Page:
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29 November 2022


Business Insider Bangladesh

Governor warns bank CEOs about trade-based money laundering

BI Report || BusinessInsider

Published: 19:40, 15 November 2022   Update: 20:24, 15 November 2022
Governor warns bank CEOs about trade-based money laundering

Photo: Collected

After years of silence, finally, Bangladesh Bank has admitted cases of trade-based money laundering by unscrupulous businesses.

Amid this situation, BB Governor Abdur Rauf Talukder on Monday warned top bankers against over-invoicing of letters of credit (LCs) for imports.

“The country has been losing foreign currency due to banks’ failure to assess the real market prices of imported goods,” Talukder told the chief executive officers of banks at Bangladesh Bank’s headquarters in Dhaka.

There are cases of under-invoicing also, for which the government is missing taxes, he said.

The governor said this at a meeting on the “Training and Awareness Program on Credit Guarantee Scheme” jointly organised by the BB and International Finance Corporation. CEOs of banks attended the programme.

At the meeting, the governor said that the central bank has detected trade-based money laundering in a recent special audit.

Earlier in September, Bangladesh’s finance minister blamed money laundering through the manipulation of trade invoices.

A survey by the Bangladesh Institute of Bank Management (BIBM) in 2019 also found that trade-based money laundering in Bangladesh was increasing fast.

Not only Bangladeshi institutions but also international organisations detected trade-based money laundering from Bangladesh.

Trade-related illicit financial outflows from Bangladesh persist strongly, according to a report published by Washington-based think tank Global Financial Integrity (GFI) in December last year.

The report identified a whopping $82.75 billion of the value gaps in Bangladesh’s trade between 134 developing countries and all of their global trading partners in the last 10 years between 2009 and 2018, according to Business Insider Bangladesh reports.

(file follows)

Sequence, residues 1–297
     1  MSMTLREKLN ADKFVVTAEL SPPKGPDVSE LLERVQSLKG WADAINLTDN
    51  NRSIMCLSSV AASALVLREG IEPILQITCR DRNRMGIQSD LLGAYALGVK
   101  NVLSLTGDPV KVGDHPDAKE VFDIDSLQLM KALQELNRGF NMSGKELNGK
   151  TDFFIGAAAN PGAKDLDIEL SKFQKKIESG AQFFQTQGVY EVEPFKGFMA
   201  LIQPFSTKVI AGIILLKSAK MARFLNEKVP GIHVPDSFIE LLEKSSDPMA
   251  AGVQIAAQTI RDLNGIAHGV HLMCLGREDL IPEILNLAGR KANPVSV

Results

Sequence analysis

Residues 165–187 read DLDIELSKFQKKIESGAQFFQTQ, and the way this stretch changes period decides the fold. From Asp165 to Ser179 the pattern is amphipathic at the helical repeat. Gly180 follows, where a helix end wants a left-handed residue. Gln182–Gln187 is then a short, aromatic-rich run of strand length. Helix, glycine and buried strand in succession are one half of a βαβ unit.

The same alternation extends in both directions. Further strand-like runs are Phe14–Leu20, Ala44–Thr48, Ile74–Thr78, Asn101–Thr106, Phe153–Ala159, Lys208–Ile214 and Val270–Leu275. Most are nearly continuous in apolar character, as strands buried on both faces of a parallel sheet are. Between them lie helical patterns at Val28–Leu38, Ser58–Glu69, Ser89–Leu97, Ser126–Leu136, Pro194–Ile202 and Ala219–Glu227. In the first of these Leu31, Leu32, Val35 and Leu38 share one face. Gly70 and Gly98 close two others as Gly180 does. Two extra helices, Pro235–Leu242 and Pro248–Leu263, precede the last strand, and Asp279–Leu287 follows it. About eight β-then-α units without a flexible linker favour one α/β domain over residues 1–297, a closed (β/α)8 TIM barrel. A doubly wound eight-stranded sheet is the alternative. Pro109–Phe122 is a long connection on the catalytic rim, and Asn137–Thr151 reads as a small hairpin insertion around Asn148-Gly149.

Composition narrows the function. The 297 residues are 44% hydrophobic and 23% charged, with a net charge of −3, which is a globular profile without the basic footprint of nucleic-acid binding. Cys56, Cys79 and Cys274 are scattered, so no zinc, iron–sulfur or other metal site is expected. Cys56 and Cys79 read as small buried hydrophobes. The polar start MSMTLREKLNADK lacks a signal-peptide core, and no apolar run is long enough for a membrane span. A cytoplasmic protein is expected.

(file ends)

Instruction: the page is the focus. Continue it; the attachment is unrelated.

The value gaps averaged $8.275 billion a year or 17.3 percent of Bangladesh’s total trade.

Businesses do it through misinvoicing in a bid to escape taxes. The sum identified in the value gaps is equivalent to two Padma Bridges’ costs.

Bangladesh has been witnessing phenomenal growth in its external trade in recent years.

According to BB data, the country’s external trade stood at $83 billion in fiscal 2019-20 and over $97 billion a year later. But the figure jumped to over $1340 billion in 2021-22, of which, over $82 billion was spent on imports.

Analysts said the import of fancy goods like televisions, computers and mobile phones is known to be the major item of the racketeers. Import of low or zero-dutiable goods, such as capital machinery, is over-invoiced by unscrupulous businesses to pile up funds abroad.

Exports are also over-invoiced and under-invoiced depending on what the money launderer intends to do. If they want to enjoy the duty drawback and subsidies offered by the government for export increase, over-invoicing is the trick of their trade.

 

Nagad